§ LORD LLEWELLIN
My Lords, I beg to ask His Majesty's Government the question standing in my name on the Order Paper.
§ [The question was as follows:
§ To ask His Majesty's Government, how many persons sentenced to Borstal have each year since the inception of this form of training been released at a date under twelve months from the date of their sentence upon the recommendation of the Governors of this institution supported by the Visiting Committees (but excluding those released on general instructions from the Home Office owing to war exigencies); and how many of such persons have subsequently been convicted of an indictable offence.]
§ LORD CHORLEY
My Lords I regret that it is not possible to give the particulars asked for in the first part of the question, in respect of releases from Borstal training dating back to 1909, and that the particulars which are recorded of subsequent convictions do not distinguish between indictable and non-indictable offences. A special return, however, has been obtained in respect of the years 1938 and 1947. This return shows that in 1938 58 youths were discharged from Borstal after less than twelve months' training, and of these 9 (or 16 per cent, of the total) were reconvicted in the course of the five years after their release. A total of 861 youths were discharged after more than twelve months training, of whom 347 (or 40 per cent.) were reconvicted in the course of the next five years. Of the 861 who were discharged after more than twelve months' training, 121 were released after training of eighteen months or less, of whom 42 (or 35 per cent.) were reconvicted in the course of the next five years.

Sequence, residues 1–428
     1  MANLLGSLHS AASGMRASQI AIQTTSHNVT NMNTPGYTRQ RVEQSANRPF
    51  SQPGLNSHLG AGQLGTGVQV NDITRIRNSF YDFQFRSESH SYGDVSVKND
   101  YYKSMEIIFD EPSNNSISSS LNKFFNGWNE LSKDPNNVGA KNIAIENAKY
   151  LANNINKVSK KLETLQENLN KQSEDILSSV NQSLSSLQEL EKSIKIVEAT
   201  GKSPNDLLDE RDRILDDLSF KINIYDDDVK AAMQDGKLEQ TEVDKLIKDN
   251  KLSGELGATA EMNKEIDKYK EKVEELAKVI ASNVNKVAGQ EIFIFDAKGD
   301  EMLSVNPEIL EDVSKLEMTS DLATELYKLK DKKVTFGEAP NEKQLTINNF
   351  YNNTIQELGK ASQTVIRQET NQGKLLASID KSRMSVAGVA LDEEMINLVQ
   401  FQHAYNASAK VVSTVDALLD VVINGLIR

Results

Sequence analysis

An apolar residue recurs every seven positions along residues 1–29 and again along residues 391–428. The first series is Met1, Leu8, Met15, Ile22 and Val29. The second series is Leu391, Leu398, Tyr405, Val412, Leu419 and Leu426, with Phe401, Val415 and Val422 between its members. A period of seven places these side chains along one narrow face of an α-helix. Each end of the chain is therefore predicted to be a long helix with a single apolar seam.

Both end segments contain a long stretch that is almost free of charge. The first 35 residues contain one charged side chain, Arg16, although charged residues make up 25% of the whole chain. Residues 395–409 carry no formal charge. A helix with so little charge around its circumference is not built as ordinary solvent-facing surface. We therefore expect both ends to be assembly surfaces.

In 1947, 92 youths were discharged after less than twelve months' training, of whom 11 (or 12 per cent.) have subsequently been reconvicted, and 1,764 youths were discharged after more than twelve months' training, of whom 501 (or 28 per cent.) have subsequently been reconvicted. Of the 1,764 who were discharged after more than twelve months' training, 1,285 were released after training of eighteen months or less, of whom 318 (or 25 per cent.) have subsequently been reconvicted. The fact that a person is released after a relatively short period of Borstal detention indicates that he has responded well to training, and there is, obviously, less likelihood of such 1089 a person being subsequently brought before the courts than there is of a person who requires more prolonged training before his discharge to the outside world can be authorised.
§ LORD LLEWELLIN
I am much obliged to the noble Lord for his answer to my question. I am glad that the figures which he has given relating to discharges of youths after less than twelve months' training tend to bear out the figures which I gave to your Lordships during the Committee stage of the Criminal Justice Bill.